Once the data has been gathered and analyzed, it can be presented to the user in several fashions. A service might offer a thread overview, displaying the posts which preceded and responded to a given post. Other services might filter web pages in a manner similar to Crit, inserting a list of responses after each post. For weblogs which are generated dynamically, the response list could be inserted by the server itself. (In both cases, the list of responses would need to be outside the post itself, to avoid confusing other thread-aware software.)

Web browsers themselves could detect posts and query servers, similar to Amaya’s support for Annotea. Search engines like Google and Blogdex would be able to work with individual posts, rather than noting that a given link or keyword existed on the weblog’s front page the last time it was indexed.

Further applications

While this convention was originally developed with weblogs in mind, it applies equally well to web-based discussion boards. The concept of “post” transfers exactly, and it is a simple matter for threaded boards to provide an automatic reference to a post’s parent. Mirrored posts can be used in cases where a board offers single-post and whole-thread views, or on linear boards where different ranges of posts may be shown, depending on the URL.

Through this convention, a single discussion thread can cross between multiple message boards and weblogs, provided that authors link to the posts they refer to.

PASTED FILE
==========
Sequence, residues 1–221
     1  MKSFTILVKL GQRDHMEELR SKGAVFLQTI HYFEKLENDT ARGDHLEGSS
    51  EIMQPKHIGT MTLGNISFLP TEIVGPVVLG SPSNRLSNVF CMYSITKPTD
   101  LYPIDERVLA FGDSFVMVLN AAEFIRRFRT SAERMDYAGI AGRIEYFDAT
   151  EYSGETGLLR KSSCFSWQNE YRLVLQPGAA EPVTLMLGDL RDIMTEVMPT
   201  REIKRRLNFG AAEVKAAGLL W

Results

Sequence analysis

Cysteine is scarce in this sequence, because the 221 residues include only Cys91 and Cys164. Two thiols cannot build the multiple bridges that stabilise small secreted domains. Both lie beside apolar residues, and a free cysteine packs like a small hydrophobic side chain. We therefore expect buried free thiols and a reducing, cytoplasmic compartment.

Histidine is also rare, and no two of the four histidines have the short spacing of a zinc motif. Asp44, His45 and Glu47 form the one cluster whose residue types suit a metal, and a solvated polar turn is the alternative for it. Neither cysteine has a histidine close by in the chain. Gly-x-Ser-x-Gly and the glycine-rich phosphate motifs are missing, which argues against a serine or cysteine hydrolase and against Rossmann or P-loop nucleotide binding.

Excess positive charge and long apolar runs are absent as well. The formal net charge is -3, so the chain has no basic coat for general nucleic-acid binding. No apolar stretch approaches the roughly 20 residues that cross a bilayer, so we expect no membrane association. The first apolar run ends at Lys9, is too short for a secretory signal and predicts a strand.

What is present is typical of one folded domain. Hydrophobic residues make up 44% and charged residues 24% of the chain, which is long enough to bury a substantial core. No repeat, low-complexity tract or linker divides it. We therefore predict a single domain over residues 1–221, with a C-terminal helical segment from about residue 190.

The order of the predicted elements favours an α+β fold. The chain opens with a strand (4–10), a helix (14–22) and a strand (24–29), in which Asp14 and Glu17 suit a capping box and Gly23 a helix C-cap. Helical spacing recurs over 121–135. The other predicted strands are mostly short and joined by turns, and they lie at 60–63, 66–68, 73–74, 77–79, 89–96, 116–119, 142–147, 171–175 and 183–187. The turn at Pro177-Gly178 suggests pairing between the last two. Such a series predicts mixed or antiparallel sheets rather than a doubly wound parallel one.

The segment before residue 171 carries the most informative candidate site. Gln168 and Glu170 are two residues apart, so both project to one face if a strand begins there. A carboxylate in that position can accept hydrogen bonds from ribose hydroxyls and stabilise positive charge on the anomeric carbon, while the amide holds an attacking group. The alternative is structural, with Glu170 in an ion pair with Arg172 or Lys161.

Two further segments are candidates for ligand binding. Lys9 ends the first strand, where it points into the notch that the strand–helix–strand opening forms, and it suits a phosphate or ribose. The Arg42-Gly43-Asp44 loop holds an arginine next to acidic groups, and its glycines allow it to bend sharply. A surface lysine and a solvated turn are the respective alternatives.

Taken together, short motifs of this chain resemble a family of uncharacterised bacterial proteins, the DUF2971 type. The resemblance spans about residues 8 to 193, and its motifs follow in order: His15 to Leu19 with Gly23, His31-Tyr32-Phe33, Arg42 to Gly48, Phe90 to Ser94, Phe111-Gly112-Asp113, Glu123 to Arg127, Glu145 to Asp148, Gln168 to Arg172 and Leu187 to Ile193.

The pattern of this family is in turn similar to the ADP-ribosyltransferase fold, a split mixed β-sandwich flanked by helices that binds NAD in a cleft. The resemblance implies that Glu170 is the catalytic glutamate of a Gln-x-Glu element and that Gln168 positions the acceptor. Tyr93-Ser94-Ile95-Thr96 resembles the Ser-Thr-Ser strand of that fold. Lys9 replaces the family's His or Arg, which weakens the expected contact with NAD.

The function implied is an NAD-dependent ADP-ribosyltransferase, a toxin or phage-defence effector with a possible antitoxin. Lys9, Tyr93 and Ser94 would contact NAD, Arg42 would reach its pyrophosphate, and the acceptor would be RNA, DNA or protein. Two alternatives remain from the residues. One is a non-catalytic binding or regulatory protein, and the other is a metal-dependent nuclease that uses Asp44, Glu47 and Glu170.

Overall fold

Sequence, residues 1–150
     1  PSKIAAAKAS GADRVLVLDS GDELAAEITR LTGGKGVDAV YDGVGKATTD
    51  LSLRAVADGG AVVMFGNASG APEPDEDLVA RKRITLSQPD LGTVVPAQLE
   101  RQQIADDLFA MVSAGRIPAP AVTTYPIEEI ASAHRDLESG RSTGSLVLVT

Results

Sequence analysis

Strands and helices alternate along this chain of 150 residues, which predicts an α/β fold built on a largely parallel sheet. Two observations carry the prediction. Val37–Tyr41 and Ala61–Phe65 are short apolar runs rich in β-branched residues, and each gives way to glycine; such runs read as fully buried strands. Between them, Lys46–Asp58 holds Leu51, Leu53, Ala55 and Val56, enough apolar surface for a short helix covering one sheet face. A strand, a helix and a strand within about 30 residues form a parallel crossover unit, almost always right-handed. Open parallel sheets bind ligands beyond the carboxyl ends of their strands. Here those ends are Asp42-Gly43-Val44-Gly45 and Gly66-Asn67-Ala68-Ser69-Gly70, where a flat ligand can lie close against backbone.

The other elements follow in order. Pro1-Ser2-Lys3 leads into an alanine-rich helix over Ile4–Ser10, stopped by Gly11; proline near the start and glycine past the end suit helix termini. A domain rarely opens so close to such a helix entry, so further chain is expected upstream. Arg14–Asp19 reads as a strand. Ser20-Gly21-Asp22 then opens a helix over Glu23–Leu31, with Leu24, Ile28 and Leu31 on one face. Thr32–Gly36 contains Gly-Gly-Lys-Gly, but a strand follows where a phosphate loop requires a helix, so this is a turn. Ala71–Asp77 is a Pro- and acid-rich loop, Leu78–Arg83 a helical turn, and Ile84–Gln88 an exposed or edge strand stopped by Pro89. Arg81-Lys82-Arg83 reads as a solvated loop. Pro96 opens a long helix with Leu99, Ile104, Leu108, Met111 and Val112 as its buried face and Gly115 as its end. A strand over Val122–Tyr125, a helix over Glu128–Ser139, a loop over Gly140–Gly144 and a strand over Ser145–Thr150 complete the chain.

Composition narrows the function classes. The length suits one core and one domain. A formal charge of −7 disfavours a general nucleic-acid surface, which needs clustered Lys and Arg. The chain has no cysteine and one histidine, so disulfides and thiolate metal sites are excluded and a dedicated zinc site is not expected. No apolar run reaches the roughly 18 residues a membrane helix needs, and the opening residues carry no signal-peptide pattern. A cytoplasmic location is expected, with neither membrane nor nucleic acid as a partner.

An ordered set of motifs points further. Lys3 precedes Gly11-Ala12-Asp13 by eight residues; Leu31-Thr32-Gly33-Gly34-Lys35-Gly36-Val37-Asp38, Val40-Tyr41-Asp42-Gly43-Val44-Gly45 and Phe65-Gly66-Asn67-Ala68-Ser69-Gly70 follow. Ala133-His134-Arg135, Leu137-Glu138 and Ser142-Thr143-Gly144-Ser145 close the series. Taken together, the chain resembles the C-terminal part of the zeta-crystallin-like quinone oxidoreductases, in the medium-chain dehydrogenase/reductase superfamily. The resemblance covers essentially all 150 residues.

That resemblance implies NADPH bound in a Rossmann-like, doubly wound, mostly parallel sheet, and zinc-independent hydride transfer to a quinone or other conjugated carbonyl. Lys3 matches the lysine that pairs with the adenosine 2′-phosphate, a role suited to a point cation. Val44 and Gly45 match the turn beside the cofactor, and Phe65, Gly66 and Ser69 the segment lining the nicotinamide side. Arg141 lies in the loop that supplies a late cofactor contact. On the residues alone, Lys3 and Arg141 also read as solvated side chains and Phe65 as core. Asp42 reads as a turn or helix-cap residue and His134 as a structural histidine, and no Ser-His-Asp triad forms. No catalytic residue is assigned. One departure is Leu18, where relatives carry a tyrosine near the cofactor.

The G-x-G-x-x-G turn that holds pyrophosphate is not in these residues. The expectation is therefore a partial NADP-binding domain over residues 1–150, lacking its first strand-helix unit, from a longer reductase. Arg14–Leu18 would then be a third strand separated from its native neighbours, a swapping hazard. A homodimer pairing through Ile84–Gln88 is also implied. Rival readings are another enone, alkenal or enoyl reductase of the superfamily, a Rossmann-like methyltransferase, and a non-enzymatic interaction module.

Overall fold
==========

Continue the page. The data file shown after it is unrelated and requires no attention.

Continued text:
This convention can also be applied to web-based Usenet and mailing list archives. Each news post or e-mail message has its own message ID, which can be expressed as a URL. Thus, a mailing list archive could identify messages as posts:

<div class="mirrored-post">
Message ID: <a rel="archive"

(rest of message)

Similarly, a Usenet archive could identify posts using URLs with the “news:” scheme. In these cases, the information being provided is primarily for the benefit of threading services, since a web browser will not typically be able to dereference a “mid:” or “news:” address. However, archives exposing these links to outside services makes it possible for threads to move among mailing lists and Usenet in addition to weblogs and message boards. If instant messaging services start defining URLs for their messages, then those discussions can be part of the larger threads as well.

Dave Menendez